Sunday, January 30, 2011

Smile Though Your Teeth Are Aching

Dad says his teeth make him look like he belongs on Hee Haw. He's wrong. The hillbillies on Hee Haw have better teeth than him. See, in his prison, problem teeth are pulled rather than repaired. For Dad, this means many of his back teeth have been yanked and his remaining front teeth are grinding down at a rapid rate since they're being used for chewing instead of their intended purpose of biting. They've ground down to yellow nubs, exposing the nerves. He's in tremendous pain but there's nothing to be done.

Actually, there is one way he can get dentures: starve. The barometer to gauge whether he is eligible for dentures is to get his BMI measured. If he's starving to death, then he can get a set.

My dentist's office is state-of-the-art and located in the Helmsley Building, a midtown NYC landmark distinctive because it straddles Park Avenue routing traffic crosses "through" the building. Other clients include people like David Letterman and Howard Stern. I get my teeth cleaned three times a year instead of the usual recommended two. The contrast between the care I receive and what Dad gets is sharp and makes me feel guilty.

But then I think: if you want your teeth taken care of properly, don't try to kill your girlfriend.

I, like many people, assumed that prisoners got treated better than a lot of hard working folks in the Free World. I've heard the complaint that it's like inmates are being pampered at a hotel instead of being punished. Well, let this reassure you they are not. They don't play basketball all day, have their own private TVs and get top notch health care. Prison sucks, as it rightfully should.

It does beg the question: is prison about punishment or rehabilitation? Assuming he's never granted parole, Dad will be 75 years old when he gets out. And, really, who cares about an elderly ex-inmate? But let's pretend he were 45. He would be spit out into the public without any required counseling, missing teeth, and with a felony on his record. What do you think the chances are that he'll get a job and be a proper citizen? Pretty low, I think. The whole system creates destinies to fail.

If you were in charge, how would you deal with the care of offenders of all stripes? From the young to the old? From the minor offenders to the guys serving life without parole?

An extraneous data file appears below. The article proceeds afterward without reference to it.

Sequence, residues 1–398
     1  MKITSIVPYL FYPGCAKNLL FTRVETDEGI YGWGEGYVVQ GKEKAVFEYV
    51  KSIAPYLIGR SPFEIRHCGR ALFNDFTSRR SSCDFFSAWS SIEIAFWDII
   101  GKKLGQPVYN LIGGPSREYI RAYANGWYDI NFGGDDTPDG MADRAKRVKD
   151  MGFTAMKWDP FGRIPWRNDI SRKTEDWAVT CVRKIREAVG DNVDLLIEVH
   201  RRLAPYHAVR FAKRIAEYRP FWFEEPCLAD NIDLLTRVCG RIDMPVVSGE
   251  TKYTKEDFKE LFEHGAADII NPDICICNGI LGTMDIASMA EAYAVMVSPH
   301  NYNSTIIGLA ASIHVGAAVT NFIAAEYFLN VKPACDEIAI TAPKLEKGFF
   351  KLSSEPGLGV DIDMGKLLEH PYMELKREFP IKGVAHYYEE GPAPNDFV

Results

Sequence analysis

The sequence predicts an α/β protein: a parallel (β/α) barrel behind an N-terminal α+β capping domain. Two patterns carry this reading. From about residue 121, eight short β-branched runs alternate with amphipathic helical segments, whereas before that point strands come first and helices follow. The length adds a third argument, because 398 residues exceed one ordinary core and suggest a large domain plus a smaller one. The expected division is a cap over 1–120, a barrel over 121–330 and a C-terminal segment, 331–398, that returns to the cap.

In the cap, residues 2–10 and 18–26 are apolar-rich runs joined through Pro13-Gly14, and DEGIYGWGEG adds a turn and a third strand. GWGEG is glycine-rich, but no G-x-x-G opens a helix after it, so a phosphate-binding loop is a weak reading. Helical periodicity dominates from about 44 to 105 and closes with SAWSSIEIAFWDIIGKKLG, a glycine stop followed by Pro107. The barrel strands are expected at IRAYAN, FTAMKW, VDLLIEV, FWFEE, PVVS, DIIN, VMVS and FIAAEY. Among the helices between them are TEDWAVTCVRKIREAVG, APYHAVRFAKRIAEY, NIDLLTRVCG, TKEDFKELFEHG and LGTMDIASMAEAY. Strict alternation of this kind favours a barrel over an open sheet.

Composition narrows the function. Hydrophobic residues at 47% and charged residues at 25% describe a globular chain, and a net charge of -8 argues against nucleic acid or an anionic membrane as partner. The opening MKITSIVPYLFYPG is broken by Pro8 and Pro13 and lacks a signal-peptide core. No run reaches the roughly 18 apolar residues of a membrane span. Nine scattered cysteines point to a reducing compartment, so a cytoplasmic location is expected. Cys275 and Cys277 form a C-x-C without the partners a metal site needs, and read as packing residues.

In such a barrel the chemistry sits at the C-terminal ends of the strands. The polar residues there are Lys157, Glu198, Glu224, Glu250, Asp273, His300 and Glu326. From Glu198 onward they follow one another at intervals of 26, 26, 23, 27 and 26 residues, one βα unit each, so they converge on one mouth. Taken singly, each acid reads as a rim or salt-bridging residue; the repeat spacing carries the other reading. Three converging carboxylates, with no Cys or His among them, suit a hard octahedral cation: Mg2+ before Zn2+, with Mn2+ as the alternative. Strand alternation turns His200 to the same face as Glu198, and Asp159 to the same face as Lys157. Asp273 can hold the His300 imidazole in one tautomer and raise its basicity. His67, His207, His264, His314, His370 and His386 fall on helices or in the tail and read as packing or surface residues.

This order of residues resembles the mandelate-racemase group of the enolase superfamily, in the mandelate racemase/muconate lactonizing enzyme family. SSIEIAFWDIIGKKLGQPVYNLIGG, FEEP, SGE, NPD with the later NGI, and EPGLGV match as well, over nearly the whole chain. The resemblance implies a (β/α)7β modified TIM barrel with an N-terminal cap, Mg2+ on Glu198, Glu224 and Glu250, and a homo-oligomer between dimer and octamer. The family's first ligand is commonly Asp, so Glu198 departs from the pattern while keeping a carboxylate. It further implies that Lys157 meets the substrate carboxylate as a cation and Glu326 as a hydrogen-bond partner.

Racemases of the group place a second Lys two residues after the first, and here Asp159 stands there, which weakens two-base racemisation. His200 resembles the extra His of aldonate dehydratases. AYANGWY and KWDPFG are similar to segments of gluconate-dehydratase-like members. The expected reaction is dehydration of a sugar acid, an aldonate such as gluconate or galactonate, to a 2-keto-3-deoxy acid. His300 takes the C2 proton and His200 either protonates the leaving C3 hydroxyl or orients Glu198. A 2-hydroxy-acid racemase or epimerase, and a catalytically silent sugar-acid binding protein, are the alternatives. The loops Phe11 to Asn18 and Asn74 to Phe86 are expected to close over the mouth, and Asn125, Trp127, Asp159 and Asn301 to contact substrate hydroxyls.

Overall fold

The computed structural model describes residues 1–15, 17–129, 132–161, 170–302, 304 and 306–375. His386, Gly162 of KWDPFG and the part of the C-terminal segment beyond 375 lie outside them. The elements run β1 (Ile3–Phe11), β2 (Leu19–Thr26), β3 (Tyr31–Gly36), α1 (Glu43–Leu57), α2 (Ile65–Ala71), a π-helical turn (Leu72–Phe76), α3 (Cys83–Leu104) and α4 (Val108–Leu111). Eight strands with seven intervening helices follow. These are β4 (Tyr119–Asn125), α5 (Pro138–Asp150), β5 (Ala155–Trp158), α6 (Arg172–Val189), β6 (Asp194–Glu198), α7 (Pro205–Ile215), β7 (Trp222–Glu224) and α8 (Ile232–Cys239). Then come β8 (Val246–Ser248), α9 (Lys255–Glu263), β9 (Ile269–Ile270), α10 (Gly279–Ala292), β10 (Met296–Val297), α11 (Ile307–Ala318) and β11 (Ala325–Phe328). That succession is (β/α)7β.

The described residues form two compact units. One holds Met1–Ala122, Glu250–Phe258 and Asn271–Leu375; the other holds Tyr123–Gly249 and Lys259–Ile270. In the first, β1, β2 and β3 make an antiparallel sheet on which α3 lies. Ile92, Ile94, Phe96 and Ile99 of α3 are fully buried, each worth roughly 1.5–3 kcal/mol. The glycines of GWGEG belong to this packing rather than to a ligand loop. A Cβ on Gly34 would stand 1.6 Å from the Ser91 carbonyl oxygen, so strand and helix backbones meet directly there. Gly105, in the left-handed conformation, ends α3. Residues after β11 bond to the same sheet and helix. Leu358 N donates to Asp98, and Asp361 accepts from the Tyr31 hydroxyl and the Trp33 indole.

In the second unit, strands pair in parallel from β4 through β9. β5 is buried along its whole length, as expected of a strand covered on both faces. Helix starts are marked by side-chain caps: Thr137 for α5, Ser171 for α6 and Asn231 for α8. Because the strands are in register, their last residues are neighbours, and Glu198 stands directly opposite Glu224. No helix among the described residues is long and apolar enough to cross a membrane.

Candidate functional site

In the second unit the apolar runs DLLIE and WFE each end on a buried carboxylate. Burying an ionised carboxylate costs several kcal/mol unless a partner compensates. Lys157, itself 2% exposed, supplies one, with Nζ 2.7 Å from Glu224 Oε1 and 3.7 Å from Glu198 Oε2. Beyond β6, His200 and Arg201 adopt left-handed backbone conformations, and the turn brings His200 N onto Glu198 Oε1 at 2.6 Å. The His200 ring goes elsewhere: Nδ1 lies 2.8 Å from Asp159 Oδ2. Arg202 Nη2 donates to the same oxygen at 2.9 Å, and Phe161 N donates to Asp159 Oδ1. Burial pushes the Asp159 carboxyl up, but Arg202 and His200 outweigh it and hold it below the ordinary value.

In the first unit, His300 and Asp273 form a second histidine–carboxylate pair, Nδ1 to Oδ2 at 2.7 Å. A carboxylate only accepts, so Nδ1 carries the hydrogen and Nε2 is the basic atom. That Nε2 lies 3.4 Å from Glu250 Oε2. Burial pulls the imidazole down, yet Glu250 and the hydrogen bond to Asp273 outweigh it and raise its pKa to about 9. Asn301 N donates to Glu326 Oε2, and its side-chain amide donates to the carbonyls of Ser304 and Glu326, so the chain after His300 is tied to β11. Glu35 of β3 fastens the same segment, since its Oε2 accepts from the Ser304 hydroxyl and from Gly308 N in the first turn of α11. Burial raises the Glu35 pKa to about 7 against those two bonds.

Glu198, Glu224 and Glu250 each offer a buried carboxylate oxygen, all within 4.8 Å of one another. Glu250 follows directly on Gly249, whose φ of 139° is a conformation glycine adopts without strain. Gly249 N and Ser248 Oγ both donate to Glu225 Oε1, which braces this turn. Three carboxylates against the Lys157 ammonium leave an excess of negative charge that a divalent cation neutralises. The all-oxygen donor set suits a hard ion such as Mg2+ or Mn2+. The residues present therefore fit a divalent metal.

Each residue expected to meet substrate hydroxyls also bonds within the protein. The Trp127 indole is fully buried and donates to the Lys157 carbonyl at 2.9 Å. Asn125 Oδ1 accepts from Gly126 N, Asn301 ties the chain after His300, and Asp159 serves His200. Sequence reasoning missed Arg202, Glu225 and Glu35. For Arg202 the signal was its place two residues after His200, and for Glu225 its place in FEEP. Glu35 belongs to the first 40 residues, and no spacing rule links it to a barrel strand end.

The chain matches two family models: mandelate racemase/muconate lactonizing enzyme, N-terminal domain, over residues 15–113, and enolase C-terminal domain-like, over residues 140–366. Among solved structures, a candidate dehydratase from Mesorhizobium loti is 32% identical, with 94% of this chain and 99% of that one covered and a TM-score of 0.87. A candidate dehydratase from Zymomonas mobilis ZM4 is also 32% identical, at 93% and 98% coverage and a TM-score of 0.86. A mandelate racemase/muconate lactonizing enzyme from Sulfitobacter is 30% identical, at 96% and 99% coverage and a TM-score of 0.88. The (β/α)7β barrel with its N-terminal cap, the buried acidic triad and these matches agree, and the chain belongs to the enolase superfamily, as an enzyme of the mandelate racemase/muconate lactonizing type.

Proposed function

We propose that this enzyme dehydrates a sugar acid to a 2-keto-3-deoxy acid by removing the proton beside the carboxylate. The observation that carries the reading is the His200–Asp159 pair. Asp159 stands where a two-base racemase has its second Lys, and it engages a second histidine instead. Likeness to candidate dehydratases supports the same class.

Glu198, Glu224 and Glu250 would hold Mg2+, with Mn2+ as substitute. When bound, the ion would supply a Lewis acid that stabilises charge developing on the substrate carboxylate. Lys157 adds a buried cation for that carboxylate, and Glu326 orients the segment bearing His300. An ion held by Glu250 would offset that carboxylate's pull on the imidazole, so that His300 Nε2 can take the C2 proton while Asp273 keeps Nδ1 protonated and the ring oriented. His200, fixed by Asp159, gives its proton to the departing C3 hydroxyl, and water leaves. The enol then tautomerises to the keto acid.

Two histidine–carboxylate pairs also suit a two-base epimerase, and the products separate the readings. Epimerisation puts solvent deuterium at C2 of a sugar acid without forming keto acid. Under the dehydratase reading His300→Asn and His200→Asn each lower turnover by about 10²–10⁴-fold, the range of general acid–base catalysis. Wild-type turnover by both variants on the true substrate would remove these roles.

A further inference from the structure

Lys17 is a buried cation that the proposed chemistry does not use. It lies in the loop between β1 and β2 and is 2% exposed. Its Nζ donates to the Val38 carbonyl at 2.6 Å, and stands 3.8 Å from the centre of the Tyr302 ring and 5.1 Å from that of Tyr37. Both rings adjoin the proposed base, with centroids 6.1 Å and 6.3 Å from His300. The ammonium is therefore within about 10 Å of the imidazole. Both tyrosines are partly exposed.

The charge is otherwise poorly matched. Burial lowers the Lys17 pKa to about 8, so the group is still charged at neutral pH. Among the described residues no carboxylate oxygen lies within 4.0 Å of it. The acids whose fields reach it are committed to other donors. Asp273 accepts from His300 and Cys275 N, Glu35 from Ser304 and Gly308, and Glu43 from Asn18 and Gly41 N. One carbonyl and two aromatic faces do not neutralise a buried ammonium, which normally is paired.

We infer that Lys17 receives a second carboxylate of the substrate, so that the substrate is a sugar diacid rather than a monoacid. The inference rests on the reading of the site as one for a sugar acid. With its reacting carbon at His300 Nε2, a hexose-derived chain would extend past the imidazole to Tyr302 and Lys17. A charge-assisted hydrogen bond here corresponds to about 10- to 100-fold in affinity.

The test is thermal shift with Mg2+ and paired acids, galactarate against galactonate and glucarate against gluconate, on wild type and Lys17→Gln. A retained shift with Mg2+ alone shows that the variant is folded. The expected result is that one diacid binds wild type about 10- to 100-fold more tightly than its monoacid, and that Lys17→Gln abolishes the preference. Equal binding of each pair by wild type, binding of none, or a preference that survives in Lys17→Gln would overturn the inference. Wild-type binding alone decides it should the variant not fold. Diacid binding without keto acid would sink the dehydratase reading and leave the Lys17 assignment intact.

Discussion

5 comments:

Lourden said...

I think it's a shame how we stigmatize former inmates; time served should bury the hatchet, in my opinion. If an inmate is "reformed" enough to come back to the real world, then his or her criminal record should be treated as privately as his or her medical record.

Kambri Crews said...

Right, because if they aren't rehabilitated and are still a risk to society, then why are they being let out in the first place?

Deaf Pixie said...

I never thought of that..It was kind of hilarious!!
Right after, I read your story from last December. I thought it was so funny your dad draw the Tasmanian devil sign language with "Vagina".

I never thought of that it was kind of hilarious!! since I stopped to read on DeafRead. Too busy with my girl became growing up and moving. It is hard for me to read everything in once time. Until I thought to read it again, I saw you r new update. I catch up with you. It's good faith about new book.

Margaret aka Deaf Pixie ( my screen name was no longer and it still screen in my email.)

Kambri Crews said...

Hi Margaret / DeafPixie! Been a while. And, yes, there is so much on DeafRead and other sites, it makes it hard to keep up with everything. Especially when you're also a parent.

I never realized what the Taz Devil was doing and was so grossed out. But we also thought it was kind of funny. But it's so crass to be a PERMANENT tattoo! Oh well, now we know. :o) HAHA!

Deaf Pixie said...

I do agree with you about was so grossed and I finally catch up with your blogs. I told Lilly , She is my oldest daughter who is now student at ITP, Interpreter Training Program at SCCC about you. I finally have time to read more update. Enjoying to read your story about Dad. I know it is very hard on you sometime!

Hugs,

Margaret